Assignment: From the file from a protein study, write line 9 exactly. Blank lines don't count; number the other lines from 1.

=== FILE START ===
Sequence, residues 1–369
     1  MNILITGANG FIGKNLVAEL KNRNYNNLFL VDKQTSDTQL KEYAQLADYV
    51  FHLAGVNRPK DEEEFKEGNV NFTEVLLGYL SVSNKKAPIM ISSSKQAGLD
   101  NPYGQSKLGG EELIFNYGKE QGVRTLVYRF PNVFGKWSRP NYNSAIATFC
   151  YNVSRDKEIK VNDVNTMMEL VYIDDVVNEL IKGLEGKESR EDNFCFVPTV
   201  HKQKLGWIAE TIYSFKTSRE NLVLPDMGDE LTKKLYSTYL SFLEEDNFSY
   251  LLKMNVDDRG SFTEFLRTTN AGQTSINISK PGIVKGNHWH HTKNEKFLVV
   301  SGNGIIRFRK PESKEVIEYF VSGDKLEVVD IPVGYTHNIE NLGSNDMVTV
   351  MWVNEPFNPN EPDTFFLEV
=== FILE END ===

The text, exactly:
   351  MWVNEPFNPN EPDTFFLEV